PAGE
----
Why product managers should not be data driven

Don’t get hit by Goodhart’s Law

The perils of Goodhart’s Law

One of the fundamental flaws of the data-driven approach is that it relies on the unshaken belief in KPIs. After rigorous analysis of the data, you define good metrics to measure that reflect the critical drivers of your product’s customer and business value, and then you tune your product development engine to keep improving those KPIs. Sounds great, doesn’t it?

Baby steps to climb a hill

Another issue with the data-driven approach is that it favors incremental improvements. In general, it is far easier to find small tweaks that have a small positive impact on the KPI than it is to find big changes with big positive impacts. The reason for that is twofold: firstly, you can test small changes much more quickly. Google’s infamous “42 shades of blue” test is a good example. Hardly any effort required, just test different colors until you find one that slightly improves the conversion rate. Success! Donuts all around, we shipped a winning feature.

Solving the hard problems

The best products weren’t built by starting with a KPI and then trying to find ways to improve it. The best products were built by focusing on a problem and banging your head against the wall trying to solve it. Being data-driven can lead to prioritizing thinking opportunistically rather than strategically.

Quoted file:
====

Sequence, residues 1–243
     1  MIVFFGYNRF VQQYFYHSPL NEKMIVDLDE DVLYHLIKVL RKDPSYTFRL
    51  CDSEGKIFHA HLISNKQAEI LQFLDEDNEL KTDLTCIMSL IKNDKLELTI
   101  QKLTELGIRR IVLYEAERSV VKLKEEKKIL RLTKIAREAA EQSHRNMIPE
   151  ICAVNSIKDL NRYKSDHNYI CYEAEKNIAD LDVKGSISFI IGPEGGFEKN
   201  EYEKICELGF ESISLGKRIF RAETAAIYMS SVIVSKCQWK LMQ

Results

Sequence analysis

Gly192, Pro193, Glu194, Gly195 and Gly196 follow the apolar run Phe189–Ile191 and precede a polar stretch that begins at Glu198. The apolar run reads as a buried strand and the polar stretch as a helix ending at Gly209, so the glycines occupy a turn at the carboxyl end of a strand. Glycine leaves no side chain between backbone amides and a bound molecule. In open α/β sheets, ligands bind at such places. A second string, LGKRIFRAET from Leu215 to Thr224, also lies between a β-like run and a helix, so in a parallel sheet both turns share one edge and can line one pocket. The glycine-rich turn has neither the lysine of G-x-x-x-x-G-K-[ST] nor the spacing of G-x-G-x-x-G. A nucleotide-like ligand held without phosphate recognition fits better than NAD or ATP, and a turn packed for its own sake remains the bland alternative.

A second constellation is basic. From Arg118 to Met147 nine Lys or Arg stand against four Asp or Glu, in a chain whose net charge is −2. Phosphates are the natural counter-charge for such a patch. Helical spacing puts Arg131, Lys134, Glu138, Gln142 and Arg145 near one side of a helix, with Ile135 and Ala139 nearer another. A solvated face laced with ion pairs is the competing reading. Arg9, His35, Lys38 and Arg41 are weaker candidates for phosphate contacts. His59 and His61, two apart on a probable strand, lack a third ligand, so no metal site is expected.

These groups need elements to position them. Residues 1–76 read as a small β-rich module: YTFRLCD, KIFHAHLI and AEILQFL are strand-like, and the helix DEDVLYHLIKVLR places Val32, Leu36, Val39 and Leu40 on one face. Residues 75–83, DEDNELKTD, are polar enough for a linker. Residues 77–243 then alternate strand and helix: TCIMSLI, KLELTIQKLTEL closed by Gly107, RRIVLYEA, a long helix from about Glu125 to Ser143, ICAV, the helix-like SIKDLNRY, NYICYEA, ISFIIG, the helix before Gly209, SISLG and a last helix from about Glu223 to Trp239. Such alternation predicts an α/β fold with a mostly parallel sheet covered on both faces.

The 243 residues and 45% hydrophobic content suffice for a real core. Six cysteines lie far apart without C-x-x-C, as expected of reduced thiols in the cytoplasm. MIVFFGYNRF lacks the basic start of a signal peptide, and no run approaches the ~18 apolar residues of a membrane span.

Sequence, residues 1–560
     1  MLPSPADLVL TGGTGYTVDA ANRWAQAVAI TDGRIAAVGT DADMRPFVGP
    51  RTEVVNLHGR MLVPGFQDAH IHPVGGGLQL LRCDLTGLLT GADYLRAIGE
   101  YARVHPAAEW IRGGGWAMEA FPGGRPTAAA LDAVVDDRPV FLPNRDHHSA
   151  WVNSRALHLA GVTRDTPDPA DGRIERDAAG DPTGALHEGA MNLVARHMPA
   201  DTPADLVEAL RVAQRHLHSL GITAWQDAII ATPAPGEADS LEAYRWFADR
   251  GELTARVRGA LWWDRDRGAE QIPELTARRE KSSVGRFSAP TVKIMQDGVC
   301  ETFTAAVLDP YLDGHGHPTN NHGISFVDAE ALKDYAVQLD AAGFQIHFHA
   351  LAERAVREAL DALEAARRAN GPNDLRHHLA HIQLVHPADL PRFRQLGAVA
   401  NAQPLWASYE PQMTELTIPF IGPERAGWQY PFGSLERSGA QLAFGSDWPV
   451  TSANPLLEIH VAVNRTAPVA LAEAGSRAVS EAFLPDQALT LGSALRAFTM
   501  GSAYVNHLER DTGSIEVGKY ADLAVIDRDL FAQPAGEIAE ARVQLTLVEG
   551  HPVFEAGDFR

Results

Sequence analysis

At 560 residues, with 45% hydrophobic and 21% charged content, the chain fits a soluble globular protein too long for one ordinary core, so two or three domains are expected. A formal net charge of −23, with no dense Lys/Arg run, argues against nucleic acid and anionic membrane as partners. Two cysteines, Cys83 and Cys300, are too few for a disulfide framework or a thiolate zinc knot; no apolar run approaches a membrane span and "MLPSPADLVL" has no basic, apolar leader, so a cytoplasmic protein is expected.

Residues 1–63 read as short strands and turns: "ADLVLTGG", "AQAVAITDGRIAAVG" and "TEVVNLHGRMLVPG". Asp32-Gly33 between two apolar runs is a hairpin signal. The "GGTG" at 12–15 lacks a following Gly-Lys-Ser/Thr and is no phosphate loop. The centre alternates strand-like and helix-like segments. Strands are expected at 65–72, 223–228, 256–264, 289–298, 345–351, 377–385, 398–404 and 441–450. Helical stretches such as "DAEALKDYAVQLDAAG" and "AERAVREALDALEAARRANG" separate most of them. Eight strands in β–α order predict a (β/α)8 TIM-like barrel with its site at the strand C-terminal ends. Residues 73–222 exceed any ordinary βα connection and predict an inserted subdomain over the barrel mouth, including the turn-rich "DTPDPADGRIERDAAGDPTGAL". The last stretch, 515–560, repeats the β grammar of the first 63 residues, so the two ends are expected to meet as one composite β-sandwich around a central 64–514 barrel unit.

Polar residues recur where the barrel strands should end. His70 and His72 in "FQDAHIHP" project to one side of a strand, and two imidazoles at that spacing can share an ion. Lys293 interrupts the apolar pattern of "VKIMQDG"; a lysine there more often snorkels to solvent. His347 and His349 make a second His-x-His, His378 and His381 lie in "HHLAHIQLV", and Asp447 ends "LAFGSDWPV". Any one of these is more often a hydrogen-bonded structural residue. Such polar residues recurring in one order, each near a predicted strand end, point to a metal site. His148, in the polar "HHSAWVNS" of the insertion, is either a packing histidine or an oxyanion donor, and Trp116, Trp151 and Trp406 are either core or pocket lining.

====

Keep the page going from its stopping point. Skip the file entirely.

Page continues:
Perfect is the enemy of done

The last major issue with being data driven is that it can lead to slowing down the organization. If decisions aren’t made until sufficient data is available, then decisions will be made later than they should be, on average. This is a bit counter-intuitive at first — after all, product analytics data is usually available in real time, whereas gathering more qualitative feedback from customers requires time to collect.

The solution: Be data-informed, not data-driven

You shouldn’t take away from this that relying on data to make product decisions is inherently bad. In fact, it can be really useful, as stated at the top of this article. Accurate knowledge of how your product is being used is really valuable, so don’t disregard that. However, don’t let the data drive you. Become data-informed, instead. Instrument your product, use that data to inform areas of the product that don’t work as well as others. Use A/B testing if you are trying to optimize something, by all means — if you are trying to find the best-performing copy on your paywall, an A/B test is often the fastest and most reliable way to get results. Also, absolutely do define success measures for product changes and go back after the fact to validate that the changes did what you hypothesized.



Head of Product at RevenueCat; previously at 8fit, Yammer, BCG.

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